He was under intense pressure from officials in Washington to finish the work that had taken almost 20 years of effort. The original contract was for five years, Cohen said. He was supposed to be finished in 1908.
“Steps must be taken at once to insure the entire completion of this memorial,” Lt. Col. C.O. Sherrill, of the Army’s Corps of Engineers and the Office of Public Buildings and Grounds, wrote him on June 20, 1921.
Sherrill demanded to know when the memorial would be finished and threatened to urge that Shrady’s contract be canceled, according to old letters provided by the Architect of the Capitol.
Shrady died 10 months later at the age of 50.
He had made headlines when he landed the $250,000 commission for the Grant Memorial in 1902 as an inexperienced, 31-year-old sculptor.
But the jury liked his concept for the memorial. And it may not have hurt that his father, George Frederick Shrady Sr., was the one of the lead physicians who treated Grant as he was dying from throat cancer 17 years earlier.
The younger Shrady studied Grant’s death mask and “had some understanding of Grant, the man, based on his father’s observations and interactions,” Cohen said.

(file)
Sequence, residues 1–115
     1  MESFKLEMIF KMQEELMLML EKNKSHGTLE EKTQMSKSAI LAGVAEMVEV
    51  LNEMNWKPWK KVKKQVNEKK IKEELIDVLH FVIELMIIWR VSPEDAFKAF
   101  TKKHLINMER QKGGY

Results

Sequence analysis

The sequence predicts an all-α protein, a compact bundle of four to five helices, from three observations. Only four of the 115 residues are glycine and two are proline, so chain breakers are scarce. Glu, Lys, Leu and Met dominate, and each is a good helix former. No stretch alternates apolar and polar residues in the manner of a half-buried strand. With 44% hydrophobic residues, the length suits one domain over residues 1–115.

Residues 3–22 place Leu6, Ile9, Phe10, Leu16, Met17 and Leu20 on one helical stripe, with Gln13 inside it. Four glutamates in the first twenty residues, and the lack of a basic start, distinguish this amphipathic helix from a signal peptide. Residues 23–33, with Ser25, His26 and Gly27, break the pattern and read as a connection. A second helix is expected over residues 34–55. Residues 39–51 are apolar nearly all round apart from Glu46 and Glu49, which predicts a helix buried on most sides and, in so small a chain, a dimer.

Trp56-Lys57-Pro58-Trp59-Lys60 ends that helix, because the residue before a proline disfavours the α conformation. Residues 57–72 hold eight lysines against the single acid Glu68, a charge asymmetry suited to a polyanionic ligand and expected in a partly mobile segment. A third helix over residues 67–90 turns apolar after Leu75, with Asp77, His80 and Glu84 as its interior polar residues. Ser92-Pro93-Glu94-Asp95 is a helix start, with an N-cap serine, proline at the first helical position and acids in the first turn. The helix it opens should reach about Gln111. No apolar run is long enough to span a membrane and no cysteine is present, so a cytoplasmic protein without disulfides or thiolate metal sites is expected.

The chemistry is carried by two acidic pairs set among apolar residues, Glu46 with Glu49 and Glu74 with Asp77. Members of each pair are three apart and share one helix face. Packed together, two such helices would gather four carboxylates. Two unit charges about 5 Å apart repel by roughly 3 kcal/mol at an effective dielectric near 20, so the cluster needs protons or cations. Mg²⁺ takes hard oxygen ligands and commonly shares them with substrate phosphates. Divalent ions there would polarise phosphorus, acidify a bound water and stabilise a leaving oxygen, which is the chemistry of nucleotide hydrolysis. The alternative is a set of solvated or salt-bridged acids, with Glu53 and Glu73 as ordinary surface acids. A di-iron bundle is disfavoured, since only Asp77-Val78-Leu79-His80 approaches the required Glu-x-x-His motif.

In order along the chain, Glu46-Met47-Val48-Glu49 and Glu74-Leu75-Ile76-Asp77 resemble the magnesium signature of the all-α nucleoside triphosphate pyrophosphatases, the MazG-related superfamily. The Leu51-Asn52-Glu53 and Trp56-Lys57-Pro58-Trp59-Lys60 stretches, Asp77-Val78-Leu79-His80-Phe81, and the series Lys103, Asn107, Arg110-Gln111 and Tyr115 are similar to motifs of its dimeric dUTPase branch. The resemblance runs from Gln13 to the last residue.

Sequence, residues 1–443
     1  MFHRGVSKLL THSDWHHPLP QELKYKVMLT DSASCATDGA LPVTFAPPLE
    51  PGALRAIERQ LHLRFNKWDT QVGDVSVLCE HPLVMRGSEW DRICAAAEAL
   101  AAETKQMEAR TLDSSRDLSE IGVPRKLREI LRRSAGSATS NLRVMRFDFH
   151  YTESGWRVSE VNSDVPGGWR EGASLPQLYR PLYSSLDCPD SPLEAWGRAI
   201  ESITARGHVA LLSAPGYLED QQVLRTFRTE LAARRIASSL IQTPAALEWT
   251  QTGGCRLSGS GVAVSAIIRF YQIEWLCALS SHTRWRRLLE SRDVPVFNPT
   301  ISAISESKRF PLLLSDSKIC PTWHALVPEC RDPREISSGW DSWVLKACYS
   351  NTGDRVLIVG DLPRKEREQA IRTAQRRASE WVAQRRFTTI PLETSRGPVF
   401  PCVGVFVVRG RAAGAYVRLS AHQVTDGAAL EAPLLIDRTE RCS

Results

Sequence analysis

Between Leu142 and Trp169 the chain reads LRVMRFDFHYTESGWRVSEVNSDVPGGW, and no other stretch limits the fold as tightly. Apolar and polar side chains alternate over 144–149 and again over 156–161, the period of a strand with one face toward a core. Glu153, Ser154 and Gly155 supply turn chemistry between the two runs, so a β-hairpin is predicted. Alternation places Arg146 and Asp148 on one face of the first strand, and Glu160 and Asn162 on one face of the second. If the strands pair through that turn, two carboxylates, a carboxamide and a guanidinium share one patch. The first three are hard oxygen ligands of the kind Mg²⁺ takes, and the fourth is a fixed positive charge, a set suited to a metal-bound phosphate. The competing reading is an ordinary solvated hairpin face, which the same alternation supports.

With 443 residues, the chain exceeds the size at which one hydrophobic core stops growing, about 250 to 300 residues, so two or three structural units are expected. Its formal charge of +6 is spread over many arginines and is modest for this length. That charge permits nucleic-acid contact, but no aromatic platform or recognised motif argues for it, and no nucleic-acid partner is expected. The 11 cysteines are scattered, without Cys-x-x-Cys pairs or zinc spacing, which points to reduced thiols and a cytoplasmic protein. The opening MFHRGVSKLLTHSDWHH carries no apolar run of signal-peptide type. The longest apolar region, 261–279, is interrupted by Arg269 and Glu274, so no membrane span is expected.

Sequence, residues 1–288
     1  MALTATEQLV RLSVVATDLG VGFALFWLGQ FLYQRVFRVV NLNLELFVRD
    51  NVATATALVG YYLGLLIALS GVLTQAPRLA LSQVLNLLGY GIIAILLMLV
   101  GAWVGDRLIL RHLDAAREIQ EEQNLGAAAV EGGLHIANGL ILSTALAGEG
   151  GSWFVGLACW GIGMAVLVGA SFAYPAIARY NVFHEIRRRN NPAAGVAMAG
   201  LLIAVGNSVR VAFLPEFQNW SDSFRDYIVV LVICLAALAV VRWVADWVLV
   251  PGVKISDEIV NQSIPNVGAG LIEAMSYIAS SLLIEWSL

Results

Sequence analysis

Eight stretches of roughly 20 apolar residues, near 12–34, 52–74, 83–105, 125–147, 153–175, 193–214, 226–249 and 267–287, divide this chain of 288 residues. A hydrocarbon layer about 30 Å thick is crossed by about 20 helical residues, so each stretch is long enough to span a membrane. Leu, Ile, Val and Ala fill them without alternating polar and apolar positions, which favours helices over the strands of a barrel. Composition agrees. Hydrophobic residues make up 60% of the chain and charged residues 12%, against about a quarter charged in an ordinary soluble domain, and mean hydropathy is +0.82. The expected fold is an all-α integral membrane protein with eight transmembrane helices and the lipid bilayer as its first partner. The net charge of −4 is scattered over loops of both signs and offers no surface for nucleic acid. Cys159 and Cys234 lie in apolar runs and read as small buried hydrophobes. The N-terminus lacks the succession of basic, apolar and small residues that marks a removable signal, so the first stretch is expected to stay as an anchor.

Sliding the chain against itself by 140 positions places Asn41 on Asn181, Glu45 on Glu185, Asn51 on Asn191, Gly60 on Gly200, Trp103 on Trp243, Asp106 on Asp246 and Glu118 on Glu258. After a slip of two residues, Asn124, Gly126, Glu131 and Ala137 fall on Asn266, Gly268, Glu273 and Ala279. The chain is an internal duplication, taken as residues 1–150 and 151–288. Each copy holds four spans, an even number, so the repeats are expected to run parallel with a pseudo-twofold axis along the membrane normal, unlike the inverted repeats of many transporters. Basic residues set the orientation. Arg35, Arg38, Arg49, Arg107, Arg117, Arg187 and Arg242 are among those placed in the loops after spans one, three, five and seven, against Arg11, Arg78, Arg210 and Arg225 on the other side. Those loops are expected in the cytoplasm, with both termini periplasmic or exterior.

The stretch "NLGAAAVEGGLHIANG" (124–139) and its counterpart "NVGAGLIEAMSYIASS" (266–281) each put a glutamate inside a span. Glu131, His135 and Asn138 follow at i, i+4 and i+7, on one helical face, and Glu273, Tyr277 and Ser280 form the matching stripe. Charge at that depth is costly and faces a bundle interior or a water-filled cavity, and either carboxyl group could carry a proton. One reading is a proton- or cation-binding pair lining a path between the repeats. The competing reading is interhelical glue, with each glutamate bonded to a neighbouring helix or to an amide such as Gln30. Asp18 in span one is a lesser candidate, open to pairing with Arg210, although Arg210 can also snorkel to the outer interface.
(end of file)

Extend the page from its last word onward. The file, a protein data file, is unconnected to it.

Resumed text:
Indeed, hidden on the base of the Grant statue is a small, weathered plaque dedicating the statue to the elder Shrady, who had died in 1907.
Grant had been extremely popular after the war and his presidency. His funeral in New York City in 1885 was enormous.
For the young sculptor, the job of memorializing him was overwhelming.
“I was a boy when I won the competition, and never realized the great task before me,” Shrady wrote in 1921, requesting one final extension. “The cost of this work has been so great . . . [but] I have not neglected to give my best efforts . . . to make the statue worthy of my country.”
In the end, it did him in.
“It was an enormous struggle,” Cohen said in a recent interview. “Yes, this was a labor of love, but it literally did kill him.”
The elements of the memorial were cast in Brooklyn and arrived piece by piece in Washington over the years — the artillery group in 1912, the cavalry group in 1916 and finally the 10,000-pound-plus Grant statue in 1921, according to news reports at the time.
At the memorial last Thursday, T. Scott Kreilick, whose Oreland, Pa., firm is doing the work, said that his crew is removing corrosion with a micro-abrasive power spray of water and limestone.
Missing or broken elements are being recast, and some will be replaced.
The memorial statues, now light green in color, will be returned close to their original light brown through the application of a new patina and a coating of lacquer and wax, Kreilick said.
And the part of the cavalry sculpture depicting Shrady’s worried face? “I would guess he may have felt that way after this project,” he said.
The memorial, still incomplete, was dedicated before Vice President Calvin Coolidge and a large crowd on April 27, 1922, the 100th anniversary of Grant’s birth.
Shrady had died in a New York hospital on April 12.
At some point later, a small plaque was placed on the artillery group identifying the sculptor and the West Point soldiers who were models.
But Shrady’s middle name was spelled “Marvin,” instead of Merwin.
It has never been corrected.